Nonsyndromic Hypodontia: A Case Report
1–3Department of Pediatric and Preventive Dentistry, Mahatma Gandhi Dental College and Hospital, Puducherry, India
4Department of Orthodontics and Dentofacial Orthopedics, Mahatma Gandhi Dental College and Hospital, Puducherry, India
Corresponding Author: Unnat Dhanwani, Department of Pediatric and Preventive Dentistry, Mahatma Gandhi Dental College and Hospital, Puducherry, India, Phone: +91 7062672574, e-mail: firstname.lastname@example.org
How to cite this article Dhanwani U, Sobti N, Jain S, et al. Nonsyndromic Hypodontia: A Case Report. J Mahatma Gandhi Univ Med Sci Tech 2019;4(3):74–76.
Source of support: Nil
Conflict of interest: None
Hypodontia is the most common anomaly in human dentition associated with number that develops in the initiation stage of tooth morphogenesis. It is characterized by tooth agenesis of two to six teeth, may or may not be associated with a syndrome, and is controlled by a combination of genetic and environmental factors. Mutations in the genes MSX 1 and PAX 9, which are the main genes responsible for odontogenesis, are responsible for the development of nonsyndromic hypodontia. In this case report, a 13-year-old girl reported to the Department of Pediatric and Preventive Dentistry with the complaint of midline diastema. On clinical and radiographic examination, she was diagnosed with this condition and was explained about the treatment prospects.
Keywords: Developmental anomaly, Midline diastema, Nonsyndromic hypodontia..
Hypodontia is reported to be the most prevalent dental malformation in humans. It is a type of tooth agenesis that results because of the failure of formation of two to six teeth, while the term oligodontia is used to describe a tooth agenesis with more than six missing teeth. Anodontia on the other hand refers to the developmental failure of the entire dentition.
Hypodontia is a rare occurrence in the deciduous dentition with a prevalence rate of 0.1–0.9%.1 The deciduous maxillary lateral and mandibular central incisors account for 50–90% of affected deciduous teeth.2 Hypodontia is a relatively common developmental anomaly in permanent dentition. The prevalence of hypodontia, which may be increasing with time, ranges from 1.6 to 36.5% depending on the population studied. Mandibular second premolars and the maxillary lateral incisors have been reported to be the most likely to be missing teeth.3,4 Several studies have also found that hypodontia has a female predilection.
This report presents a case of nonsyndromic hypodontia with four permanent teeth missing.
A 13-year-old girl reported to the Department of Pediatric and Preventive Dentistry with the complaint of midline diastema and wished to get the diastema closed.
While performing intraoral examination, tooth agenesis in the patient was suspected which was diagnosed with the help of clinical and radiographic findings. The number of missing teeth were noted, and third molars were excluded. Intraoral examination of the patient revealed four permanent missing teeth (Figs 1 and 2). The clinical findings were confirmed with the help of radiographic examination by an orthopantomogram which was helpful in determining the eruptive status of the other permanent teeth and in confirming the case of hypodontia (Fig. 3). It was observed that the maxillary lateral incisors and canines of the either side were missing. There was spacing in-between the maxillary central incisors and between the first premolar and central incisors on left side and in-between central incisors and deciduous canine on the right side. The maxillary first premolar on the left side was also distobuccally rotated. The only deciduous tooth present in the oral cavity was right maxillary canine. Extraoral examination of the patient did not reveal any significant finding.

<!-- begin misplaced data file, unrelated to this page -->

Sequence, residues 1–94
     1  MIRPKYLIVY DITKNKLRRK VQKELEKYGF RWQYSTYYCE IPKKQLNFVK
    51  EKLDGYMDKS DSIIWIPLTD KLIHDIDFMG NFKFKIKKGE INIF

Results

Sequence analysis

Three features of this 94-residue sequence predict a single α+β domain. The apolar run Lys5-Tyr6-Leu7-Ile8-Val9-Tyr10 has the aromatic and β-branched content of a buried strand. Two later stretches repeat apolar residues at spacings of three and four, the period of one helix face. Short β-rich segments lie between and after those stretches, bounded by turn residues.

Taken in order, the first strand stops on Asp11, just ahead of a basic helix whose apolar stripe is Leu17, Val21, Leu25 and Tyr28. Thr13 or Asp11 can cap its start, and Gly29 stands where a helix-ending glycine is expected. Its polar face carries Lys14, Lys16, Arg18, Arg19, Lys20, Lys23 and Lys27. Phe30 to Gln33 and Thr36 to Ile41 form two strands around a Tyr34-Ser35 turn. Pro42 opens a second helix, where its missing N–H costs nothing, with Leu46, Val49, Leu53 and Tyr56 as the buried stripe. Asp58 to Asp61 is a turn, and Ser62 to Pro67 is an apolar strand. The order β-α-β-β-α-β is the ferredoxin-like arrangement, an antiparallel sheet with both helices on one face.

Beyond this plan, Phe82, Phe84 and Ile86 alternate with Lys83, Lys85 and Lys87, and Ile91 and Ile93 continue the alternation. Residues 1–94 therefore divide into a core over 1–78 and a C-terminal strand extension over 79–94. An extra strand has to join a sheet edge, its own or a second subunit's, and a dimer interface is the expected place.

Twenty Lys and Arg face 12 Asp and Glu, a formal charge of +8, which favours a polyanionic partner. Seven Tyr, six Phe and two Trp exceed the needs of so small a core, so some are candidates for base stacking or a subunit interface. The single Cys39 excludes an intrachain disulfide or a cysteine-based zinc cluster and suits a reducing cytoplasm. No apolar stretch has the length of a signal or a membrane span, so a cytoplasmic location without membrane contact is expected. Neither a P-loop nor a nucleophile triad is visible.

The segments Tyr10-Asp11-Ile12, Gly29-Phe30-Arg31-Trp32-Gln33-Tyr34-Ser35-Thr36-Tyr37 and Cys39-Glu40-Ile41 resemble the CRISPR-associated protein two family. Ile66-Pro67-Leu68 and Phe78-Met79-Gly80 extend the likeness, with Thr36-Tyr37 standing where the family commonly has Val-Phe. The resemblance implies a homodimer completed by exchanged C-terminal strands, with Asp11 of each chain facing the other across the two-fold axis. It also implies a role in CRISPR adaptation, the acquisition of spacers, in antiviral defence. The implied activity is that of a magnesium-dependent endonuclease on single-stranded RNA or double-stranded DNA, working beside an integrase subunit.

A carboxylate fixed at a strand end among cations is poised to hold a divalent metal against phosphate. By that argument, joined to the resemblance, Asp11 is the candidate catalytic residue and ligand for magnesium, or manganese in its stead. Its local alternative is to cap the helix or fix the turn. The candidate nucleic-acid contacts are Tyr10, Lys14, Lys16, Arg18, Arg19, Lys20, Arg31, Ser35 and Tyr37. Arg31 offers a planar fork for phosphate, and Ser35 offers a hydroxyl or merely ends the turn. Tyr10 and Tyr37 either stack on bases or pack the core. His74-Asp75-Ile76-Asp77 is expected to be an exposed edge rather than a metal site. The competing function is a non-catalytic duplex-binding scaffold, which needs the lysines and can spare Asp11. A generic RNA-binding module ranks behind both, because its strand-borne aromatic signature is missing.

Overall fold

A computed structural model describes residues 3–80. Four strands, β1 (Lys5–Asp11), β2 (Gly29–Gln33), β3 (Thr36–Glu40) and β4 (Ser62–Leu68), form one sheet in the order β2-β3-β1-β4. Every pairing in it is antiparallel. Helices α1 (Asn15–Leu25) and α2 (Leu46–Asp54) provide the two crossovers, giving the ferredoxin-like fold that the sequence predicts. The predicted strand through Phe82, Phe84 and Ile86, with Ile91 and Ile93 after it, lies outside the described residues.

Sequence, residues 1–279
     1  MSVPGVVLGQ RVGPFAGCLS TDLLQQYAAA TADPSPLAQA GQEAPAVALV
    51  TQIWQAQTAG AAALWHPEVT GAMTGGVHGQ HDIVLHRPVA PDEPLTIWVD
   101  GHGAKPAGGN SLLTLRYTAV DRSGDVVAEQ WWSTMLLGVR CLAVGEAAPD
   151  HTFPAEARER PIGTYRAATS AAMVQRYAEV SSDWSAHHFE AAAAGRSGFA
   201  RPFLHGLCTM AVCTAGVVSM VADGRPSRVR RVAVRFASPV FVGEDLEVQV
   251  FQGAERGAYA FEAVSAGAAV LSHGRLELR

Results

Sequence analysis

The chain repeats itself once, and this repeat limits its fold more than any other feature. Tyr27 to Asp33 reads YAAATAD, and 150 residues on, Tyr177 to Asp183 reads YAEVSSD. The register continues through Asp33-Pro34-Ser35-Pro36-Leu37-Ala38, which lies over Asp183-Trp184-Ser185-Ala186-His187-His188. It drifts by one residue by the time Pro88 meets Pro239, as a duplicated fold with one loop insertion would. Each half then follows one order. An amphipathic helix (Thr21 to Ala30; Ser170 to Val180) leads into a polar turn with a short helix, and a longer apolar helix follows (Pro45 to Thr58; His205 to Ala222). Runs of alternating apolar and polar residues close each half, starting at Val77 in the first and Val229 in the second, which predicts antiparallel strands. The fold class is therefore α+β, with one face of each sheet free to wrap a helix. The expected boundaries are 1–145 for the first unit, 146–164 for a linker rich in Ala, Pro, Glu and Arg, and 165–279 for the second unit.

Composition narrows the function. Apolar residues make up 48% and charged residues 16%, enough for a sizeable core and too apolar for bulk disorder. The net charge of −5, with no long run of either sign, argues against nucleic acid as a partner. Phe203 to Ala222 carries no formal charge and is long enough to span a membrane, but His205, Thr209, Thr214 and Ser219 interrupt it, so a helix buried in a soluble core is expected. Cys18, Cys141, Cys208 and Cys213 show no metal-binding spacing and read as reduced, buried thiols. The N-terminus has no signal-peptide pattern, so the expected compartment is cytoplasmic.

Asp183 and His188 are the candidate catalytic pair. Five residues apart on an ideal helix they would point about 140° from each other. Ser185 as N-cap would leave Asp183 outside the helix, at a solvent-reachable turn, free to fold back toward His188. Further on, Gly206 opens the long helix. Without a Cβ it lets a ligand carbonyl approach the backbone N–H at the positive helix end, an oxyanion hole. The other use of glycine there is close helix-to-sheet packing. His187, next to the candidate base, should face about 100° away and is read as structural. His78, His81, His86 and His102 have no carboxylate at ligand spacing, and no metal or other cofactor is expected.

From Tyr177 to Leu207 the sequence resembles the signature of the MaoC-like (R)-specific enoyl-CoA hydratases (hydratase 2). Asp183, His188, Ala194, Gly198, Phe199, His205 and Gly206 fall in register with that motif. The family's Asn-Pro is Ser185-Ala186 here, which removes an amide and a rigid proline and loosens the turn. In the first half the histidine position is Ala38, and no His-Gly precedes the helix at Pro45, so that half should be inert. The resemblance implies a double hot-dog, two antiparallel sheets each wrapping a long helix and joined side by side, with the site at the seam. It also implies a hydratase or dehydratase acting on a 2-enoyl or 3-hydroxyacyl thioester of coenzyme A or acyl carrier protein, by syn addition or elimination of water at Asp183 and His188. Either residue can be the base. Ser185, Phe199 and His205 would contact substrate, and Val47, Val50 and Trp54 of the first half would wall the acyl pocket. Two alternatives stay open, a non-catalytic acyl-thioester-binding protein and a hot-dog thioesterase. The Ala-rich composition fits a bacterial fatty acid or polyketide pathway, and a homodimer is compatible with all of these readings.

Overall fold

Since the main complaint of the patient was of a midline diastema, she was referred to the Department of Orthodontics for further treatment.
Development of tooth is a complex process that involves interactions between mesenchymal, ectodermal, and the neural crest cells that regulate the tooth morphogenesis. Hypodontia is a developmental anomaly that has a multifactorial etiology involving both genetic and environmental factors. It can be an isolated trait or can be associated with several other developmental anomalies such as cleft lip and palate, ectodermal dysplasia, taurodontism, and altered craniofacial growth that is mostly associated with permanent dentition and has a higher predilection for females. Nonsyndromic hypodontia is the most common form of congenital absence that can involve various teeth.
Hypodontia is widely characterized by the presence of microdontia, ectopic positioning of permanent teeth, generalized spacing in teeth, and rotated teeth. Nonsyndromic hypodontia is classified as a sporadic or familial form, inherited in an autosomal-dominant, autosomal-recessive, or X-linked mode, with considerable variation in both penetrance and expressivity.5 Tooth agenesis is also associated with enamel hypoplasia, diminutive or peg maxillary lateral incisors, primary molar infraocclusion, and palatally inclined or impacted maxillary canines.6,7 Intraorally, retroclined and overerupted lower incisors contribute to a greater overbite.8 Patients with hypodontia present with low mandibular plane angles, shorter maxillary and mandibular lengths, and an Angle’s Class III molar relationship features.